In an effort to stem the trend of neglect of the vast volume of work that Sadequain entrusted to a number of institutions and scores of individuals, the SADEQUAIN Foundation is striving to raise the awareness of this travesty. The Foundation is a not-for-profit organization, dedicated to discover, preserve, and promote the art of Sadequain. To that end, the Foundation holds regular exhibitions of Sadequain’s works and conducts seminars at museums and universities to raise awareness about Sadequain’s prodigious palette. Many pieces of previously lost works have been located through exhaustive searches all over the world, in countries as far flung as Austria, Canada, France, India, Pakistan, Singapore, the USA and more.

The Foundation takes comfort from a recent report dated January 27, 2010 in The News that reads:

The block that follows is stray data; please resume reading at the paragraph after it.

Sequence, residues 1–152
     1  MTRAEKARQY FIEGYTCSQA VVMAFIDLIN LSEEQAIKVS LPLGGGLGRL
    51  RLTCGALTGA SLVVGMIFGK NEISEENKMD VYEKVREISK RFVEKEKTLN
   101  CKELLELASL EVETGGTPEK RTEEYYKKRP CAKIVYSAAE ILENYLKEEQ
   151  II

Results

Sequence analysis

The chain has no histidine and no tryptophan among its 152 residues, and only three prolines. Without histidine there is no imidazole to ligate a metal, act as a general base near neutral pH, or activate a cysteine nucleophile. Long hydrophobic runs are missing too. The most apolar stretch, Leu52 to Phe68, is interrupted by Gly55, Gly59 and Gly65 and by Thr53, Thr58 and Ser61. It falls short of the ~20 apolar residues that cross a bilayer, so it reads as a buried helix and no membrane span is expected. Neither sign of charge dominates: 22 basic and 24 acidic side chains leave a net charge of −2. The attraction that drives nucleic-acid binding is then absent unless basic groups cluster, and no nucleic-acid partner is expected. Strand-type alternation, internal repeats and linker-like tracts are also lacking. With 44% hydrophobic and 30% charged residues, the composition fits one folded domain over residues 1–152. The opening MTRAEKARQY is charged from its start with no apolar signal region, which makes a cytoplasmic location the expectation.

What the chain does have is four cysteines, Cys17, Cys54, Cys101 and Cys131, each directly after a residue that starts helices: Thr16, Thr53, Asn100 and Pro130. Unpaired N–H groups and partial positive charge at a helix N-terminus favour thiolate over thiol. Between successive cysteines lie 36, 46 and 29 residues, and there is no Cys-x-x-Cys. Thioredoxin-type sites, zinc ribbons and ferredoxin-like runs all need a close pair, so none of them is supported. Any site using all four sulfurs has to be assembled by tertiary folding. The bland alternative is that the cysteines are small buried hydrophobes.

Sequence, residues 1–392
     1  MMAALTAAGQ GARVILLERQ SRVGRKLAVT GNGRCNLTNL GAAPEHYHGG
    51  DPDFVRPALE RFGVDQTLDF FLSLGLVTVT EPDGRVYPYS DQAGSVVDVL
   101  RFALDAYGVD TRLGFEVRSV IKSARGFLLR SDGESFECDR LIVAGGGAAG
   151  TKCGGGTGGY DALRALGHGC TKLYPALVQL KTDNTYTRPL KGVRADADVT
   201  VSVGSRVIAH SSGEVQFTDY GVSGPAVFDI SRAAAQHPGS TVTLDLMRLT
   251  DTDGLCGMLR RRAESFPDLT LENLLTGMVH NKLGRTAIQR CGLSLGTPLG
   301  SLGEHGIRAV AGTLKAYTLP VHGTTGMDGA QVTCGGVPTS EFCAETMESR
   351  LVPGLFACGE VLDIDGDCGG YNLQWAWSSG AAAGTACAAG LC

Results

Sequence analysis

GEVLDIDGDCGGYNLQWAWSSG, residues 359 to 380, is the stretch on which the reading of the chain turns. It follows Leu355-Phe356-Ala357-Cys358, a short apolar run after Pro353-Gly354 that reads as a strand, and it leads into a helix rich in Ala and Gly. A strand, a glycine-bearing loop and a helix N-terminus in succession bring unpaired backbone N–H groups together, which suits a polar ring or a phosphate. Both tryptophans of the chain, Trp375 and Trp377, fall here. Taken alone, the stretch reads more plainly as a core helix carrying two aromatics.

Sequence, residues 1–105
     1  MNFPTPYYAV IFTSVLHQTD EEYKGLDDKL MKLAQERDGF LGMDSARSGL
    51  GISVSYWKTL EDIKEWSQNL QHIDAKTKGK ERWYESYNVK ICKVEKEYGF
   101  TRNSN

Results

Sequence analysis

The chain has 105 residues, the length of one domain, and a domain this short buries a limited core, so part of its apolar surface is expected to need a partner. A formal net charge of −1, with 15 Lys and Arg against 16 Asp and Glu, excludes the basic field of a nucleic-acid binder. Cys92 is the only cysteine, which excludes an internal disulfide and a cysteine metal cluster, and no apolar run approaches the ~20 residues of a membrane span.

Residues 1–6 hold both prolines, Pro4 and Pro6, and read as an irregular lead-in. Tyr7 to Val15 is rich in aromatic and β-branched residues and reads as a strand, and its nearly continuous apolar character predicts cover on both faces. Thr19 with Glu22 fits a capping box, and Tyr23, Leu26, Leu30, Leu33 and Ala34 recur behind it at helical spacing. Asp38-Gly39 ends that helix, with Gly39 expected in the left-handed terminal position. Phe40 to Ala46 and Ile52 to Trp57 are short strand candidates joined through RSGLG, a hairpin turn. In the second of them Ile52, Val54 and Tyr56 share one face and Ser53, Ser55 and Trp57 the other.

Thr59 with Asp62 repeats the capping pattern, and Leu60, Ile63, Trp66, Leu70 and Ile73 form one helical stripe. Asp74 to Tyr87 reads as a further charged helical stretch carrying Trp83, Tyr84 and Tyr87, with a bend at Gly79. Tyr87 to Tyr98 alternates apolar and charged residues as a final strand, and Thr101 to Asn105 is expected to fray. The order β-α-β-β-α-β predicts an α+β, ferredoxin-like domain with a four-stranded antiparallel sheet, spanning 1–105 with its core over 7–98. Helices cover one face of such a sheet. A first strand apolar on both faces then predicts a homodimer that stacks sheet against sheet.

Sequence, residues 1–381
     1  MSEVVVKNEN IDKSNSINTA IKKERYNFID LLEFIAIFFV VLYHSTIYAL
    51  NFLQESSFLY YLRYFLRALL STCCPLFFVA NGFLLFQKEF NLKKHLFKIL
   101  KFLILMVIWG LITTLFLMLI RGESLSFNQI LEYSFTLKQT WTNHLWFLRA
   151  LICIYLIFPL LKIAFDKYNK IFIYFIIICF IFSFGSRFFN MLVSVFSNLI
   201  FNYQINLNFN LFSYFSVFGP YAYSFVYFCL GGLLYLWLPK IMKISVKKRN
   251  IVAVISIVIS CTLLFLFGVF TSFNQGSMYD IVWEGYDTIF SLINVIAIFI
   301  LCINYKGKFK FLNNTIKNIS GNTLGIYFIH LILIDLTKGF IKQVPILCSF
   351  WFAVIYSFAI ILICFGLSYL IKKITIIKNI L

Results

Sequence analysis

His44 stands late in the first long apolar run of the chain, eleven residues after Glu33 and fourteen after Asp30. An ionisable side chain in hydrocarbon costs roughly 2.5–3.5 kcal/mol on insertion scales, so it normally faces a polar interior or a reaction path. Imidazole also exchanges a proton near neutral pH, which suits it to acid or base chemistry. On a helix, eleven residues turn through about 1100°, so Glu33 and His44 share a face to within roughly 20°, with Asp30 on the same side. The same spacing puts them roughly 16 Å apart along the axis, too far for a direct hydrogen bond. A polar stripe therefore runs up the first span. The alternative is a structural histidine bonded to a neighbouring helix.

Acting on the directives of the President, the Pakistan National Council of the Arts (PNCA) has started working on a Rs. 30.65 million project, under which all expensive artworks acquired by government departments and the country’s missions abroad are being registered. The objective of the project, which focuses on preparation of a national database of artworks, is to maintain a record of paintings, sculptures and other artworks acquired by the government to promote public awareness about the national treasure spread across the country and abroad, and to enable the masses to use the material for reference. The project will entail a survey of all government departments throughout the country for registration of paintings, sculptures and other artworks in their possession. The information thus gathered will be compiled in the shape of a catalogue, which will be re-designed for hosting on a website, where it will be available for reference, record and public access. Liaison will be maintained with the listed government departments so that the data can be upgraded on a regular basis.